Cooney, through her work with the EL program, has spent the last four years trying to break down barriers with both students and their parents. There is now a thriving Multilingual Parent Advisory Council, more professional development for EL teachers and greater outreach in Spanish and other languages. “A lot of our families live in absolute fear,” Cooney said, referring to the former Trump administration’s rhetoric and bid to end temporary protected status for Salvadorans. “So that’s how I started to build bridges and get to know the community and gain trust.”
The work that Cooney and other school staff members have done was recently recognized by new School Committee member Rocky Fox, who has served as volunteer and substitute teacher at the elementary school for more than 15 years. In his interview with the School Committee as he was seeking to be appointed to fill out the remaining term of outgoing committee member Zona Butler, Fox said the system’s efforts to support EL students represents some of its best work.
“I love the way we’ve brought in the non-English-speaking students,” Fox said. “If you could see the way the teachers treat those students, the way Nantucket has embraced the people who are non-English speakers, it’s remarkable. I really think that.”
But Cooney would like to see the district go further and implement a dual language program, while hiring bilingual counselors at the high school. “Bilingualism is the present,” she said. “It’s not the future anymore. Most of the planet is bilingual.”
Cooney was moving on from her position at the end of this school year, but having worked for years in Boston Public Schools before coming to Nantucket, she has a unique perspective on the island’s true demographics versus the perception of Nantucket.
“The biggest difference between an urban district and Nantucket, it’s not the population,” she said. “Nantucket is a mini-gateway place. It’s not a city; it’s not the countryside. Our percentage of EL students is similar to other gateway cities. People think of the rich white people who fly in during the summer. They don’t think that this is our year-round community.”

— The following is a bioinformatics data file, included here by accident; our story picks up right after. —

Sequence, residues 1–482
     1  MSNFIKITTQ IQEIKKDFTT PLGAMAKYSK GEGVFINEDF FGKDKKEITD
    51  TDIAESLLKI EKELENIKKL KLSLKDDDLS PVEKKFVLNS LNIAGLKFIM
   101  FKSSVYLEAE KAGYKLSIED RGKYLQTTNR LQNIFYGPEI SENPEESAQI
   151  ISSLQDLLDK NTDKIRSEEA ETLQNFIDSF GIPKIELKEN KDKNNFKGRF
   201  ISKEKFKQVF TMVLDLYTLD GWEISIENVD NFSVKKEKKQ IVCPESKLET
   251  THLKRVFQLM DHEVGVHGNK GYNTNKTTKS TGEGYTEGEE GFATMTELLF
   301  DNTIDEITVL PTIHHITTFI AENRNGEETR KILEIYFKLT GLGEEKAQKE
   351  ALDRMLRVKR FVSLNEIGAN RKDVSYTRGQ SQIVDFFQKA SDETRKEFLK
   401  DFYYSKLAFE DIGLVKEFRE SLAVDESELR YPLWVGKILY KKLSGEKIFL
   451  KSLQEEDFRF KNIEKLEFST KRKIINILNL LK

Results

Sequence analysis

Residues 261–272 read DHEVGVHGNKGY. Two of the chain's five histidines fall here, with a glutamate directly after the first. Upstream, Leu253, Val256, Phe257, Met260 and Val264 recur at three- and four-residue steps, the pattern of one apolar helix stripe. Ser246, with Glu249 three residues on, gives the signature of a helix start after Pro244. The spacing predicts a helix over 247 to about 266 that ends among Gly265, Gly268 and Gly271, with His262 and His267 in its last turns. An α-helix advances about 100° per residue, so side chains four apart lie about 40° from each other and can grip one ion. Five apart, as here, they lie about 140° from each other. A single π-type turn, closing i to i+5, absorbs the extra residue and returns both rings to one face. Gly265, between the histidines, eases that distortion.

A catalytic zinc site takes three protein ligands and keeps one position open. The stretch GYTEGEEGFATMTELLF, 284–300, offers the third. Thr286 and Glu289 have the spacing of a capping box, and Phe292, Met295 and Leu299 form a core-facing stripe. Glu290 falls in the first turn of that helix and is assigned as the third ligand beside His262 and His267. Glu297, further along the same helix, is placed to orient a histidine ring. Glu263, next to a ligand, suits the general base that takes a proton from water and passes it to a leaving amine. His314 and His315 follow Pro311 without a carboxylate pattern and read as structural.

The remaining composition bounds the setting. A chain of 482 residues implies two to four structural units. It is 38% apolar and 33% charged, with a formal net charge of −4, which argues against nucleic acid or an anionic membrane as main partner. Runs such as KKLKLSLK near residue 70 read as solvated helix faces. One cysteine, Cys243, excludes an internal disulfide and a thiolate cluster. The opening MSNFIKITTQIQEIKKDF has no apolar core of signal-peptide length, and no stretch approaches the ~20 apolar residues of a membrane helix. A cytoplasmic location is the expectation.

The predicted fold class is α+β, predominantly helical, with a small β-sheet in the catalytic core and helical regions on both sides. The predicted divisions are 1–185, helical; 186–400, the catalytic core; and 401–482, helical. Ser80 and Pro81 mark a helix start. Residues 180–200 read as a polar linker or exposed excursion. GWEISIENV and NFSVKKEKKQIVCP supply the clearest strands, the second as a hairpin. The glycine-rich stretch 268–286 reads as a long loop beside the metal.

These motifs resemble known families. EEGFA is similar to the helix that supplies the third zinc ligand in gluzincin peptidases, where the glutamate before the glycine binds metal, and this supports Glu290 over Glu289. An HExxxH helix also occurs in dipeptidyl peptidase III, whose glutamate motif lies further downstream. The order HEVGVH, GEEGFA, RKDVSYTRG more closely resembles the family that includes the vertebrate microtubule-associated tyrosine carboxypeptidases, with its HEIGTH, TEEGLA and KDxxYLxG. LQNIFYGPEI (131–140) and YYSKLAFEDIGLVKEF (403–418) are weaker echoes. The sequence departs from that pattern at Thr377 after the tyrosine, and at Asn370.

Island resident Peter Morrison isn’t involved with the public schools, but he’s been closely tracking the demographic transformation that is underway across the island. Morrison spent more than four decades analyzing population trends as a demographer for the Rand Corporation. The demographic data from the schools, he said, is among the best tools available to get a better picture of how the island population is changing. Morrison has studied school segregation patterns across the country and said Nantucket is unique in that there is just one public school system for the entire county, so there is greater integration than you might find elsewhere.
“There’s no question Nantucket stands out as being uniquely well integrated along racial and ethnic lines, and I would add to that, another remarkable aspect of this is the number of different country-of-origin communities we have in a population as small as Nantucket,” Morrison said. “There’s hardly any school system in the nation of our size that has as many different countries of origin.”
These photos were submitted by Nantucket High School seniors after N Magazine reached out requesting images that capture the diversity of the graduating class. Student caption information provided by Merrill Mason of the Nantucket Public Schools.